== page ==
These days, the fact that so many fruits and veggies are dubbed "superfoods" makes you wonder if a food that isn't considered super is even worth eating. As a fighter for the underdog—one who roots for the Mets instead of the Yankees—I'm here to tell you about the many vegetables that deserve more recognition.
Peas. I'm not sure how this happened, but many of my patients think peas shouldn't be eaten because they're too high in calories. (For the record, cooked peas have 62.5 calories per ½ cup serving.) What my patients don't realize is that one serving of peas is loaded with more than 4 grams of fiber and protein each, which is more than many other vegetables. Peas are also an excellent source of vitamins C and K, as well as folate, iron, niacin, potassium, and zinc. They're also packed with phytonutrients, including flavanols, phenolic acids, and carotenoids.
Peas are great eaten alone, or added to pasta sauce, brown rice, or salad for extra nutrients and flavor. While I do recommend watching the portion size because of their higher calorie count, do not leave peas off the plate.
Cabbage. You don't hear many people talking about the cabbage in their meals, unless it's in reference to the Cabbage Soup Diet, which was popular in the '80s. I grew up with this veggie because my grandmother made an amazing stuffed cabbage, but as an adult, I rarely eat it. Cabbage is an excellent source of potassium, calcium, and vitamins C and K. Plus, cabbage contains omega-3 fats in what little fat it has. One serving of cooked cabbage (about ½ cup) has only 16.5 calories, but 1.5 grams of fiber, which means you can consume large quantities without worrying about gaining weight.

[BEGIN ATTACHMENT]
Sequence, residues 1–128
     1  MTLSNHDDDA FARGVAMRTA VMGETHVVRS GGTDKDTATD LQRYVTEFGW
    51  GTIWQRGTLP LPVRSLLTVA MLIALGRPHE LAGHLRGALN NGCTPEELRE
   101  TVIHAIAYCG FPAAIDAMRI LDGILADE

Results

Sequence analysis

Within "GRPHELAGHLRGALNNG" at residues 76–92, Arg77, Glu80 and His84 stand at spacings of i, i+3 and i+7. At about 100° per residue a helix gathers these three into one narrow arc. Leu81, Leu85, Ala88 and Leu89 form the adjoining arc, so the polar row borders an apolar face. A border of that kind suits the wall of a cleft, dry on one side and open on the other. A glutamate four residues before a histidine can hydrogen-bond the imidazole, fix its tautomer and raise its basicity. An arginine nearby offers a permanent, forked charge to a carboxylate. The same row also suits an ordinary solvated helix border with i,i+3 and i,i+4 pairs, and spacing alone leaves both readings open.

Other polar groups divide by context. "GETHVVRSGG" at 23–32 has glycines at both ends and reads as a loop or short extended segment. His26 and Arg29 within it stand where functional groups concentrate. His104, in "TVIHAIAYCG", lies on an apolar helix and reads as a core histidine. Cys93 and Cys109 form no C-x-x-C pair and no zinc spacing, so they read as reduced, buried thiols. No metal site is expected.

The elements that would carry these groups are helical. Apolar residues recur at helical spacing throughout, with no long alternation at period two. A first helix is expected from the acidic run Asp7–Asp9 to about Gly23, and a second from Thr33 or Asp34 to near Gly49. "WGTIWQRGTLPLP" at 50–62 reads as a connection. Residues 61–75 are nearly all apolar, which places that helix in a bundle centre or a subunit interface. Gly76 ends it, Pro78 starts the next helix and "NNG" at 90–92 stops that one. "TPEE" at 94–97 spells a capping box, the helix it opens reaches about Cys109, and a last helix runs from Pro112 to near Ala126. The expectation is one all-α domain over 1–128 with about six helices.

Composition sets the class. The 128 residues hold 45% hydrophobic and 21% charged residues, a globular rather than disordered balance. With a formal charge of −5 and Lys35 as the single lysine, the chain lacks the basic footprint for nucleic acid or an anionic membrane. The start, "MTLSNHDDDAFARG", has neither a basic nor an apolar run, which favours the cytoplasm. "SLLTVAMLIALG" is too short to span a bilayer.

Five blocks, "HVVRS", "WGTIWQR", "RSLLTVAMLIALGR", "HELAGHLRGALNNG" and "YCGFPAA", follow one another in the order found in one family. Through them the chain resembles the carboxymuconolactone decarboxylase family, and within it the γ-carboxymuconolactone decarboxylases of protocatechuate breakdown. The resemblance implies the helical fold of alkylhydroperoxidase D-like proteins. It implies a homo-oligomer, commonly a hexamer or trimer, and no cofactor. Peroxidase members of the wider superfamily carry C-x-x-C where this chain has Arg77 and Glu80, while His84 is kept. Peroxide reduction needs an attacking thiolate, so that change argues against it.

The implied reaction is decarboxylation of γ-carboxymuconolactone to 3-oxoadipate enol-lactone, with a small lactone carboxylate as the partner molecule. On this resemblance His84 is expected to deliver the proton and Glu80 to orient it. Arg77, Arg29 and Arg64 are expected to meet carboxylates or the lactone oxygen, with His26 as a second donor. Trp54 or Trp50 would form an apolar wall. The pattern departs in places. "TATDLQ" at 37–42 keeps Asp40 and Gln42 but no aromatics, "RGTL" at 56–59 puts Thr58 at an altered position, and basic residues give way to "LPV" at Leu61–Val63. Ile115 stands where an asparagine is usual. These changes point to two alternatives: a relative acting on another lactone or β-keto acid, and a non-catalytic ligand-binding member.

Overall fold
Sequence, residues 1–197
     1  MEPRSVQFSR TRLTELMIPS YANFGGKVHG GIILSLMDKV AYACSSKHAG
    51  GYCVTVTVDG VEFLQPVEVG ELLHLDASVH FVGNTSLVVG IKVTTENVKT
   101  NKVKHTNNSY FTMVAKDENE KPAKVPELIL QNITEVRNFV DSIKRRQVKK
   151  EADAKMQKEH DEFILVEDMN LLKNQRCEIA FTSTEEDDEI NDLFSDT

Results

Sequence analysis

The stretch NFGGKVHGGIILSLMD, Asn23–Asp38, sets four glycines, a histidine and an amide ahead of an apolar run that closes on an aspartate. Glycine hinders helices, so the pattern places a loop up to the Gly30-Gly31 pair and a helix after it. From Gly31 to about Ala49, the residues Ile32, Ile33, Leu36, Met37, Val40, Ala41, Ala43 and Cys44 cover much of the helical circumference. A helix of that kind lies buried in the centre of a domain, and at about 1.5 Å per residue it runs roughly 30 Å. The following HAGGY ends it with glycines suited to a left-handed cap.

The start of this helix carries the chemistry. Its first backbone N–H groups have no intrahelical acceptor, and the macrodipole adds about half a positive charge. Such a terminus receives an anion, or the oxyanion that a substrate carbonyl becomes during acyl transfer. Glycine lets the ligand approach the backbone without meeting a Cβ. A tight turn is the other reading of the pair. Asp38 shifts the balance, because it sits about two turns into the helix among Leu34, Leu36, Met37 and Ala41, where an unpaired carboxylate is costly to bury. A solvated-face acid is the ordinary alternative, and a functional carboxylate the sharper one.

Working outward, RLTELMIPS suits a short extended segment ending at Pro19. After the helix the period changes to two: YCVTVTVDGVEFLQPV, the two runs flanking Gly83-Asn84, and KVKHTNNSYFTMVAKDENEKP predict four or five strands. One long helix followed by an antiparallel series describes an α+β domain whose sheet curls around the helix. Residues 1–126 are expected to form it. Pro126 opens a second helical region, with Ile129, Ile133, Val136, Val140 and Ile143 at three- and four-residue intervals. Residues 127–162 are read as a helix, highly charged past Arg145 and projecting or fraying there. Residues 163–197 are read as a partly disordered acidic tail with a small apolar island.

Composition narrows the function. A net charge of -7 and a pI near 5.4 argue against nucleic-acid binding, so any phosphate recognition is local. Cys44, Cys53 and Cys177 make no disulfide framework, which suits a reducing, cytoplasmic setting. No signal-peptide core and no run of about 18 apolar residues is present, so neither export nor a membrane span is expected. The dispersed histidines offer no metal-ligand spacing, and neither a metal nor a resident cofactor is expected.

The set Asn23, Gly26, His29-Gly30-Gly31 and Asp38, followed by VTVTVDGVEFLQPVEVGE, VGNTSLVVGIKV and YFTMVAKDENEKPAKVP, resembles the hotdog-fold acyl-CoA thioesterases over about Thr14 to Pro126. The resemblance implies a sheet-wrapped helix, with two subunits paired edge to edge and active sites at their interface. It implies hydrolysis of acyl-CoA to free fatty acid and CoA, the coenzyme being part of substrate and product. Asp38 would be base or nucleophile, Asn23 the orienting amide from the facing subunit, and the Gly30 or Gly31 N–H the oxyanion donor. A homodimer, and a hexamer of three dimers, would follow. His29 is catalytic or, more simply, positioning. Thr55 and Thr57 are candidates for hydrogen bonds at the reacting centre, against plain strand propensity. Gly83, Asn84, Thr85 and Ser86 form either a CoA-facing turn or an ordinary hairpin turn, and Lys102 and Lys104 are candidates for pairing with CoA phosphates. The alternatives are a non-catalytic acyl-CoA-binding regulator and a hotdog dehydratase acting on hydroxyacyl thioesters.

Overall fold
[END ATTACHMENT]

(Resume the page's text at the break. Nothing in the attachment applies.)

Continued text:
Cabbage can be enjoyed in many ways. Include it in soup, salad, or a stir-fry with other veggies and shrimp.
Corn. This is another great vegetable that my patients complain is too high in calories. (Cooked corn is 77.5 calories per ½ cup serving.) I remind them that it isn't necessarily the corn itself that can be unhealthy, but all the butter most people pile onto it. Each serving of corn is loaded with fiber (1.75 grams) and protein (12.6 grams), and it's rich in antioxidants, especially carotenoids. Niacin, folate, and vitamin C are just a few of the other nutrients it packs.
Try corn on the cob cooked on the grill. Simply wrap the corn in tin foil with a spritz of oil—no butter needed. You can also toss corn into a salad of black beans and tomatoes. Buy the low-sodium version of canned corn, which is easy to store year round, and rinse with water to remove excess sodium before cooking.
Cauliflower. Ever since we were told to load our plates with color, white foods have been getting a bad rap. But, as you know: Never judge a book by its cover. Cauliflower is an excellent source of folate and vitamins C and K. In each serving, there's also plenty of vitamin B5, potassium, and dietary fiber (1.7 grams). Cauliflower also packs phosphorus, magnesium, B vitamins, and iron. Added bonus: It only has 13 calories, so you can definitely enjoy second or third helpings of this veggie.
Try cauliflower roasted, puréed as a soup, or mashed in lieu of potatoes.
So what's the takeaway when choosing veggies? Simply pick the ones you like. Just because something is labeled a "superfood" doesn't mean that you'll like it. The ultimate goal with veggies is that you actually eat them.
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Keri Gans, MS, RD, CDN, is a registered dietitian, media personality, spokesperson, and author of The Small Change Diet. Gans's expert nutrition advice has been featured in Glamour, Fitness, Health, Self and Shape, and on national television and radio, including The Dr. Oz Show, Good Morning America, ABC News, Primetime, and Sirius/XM Dr. Radio.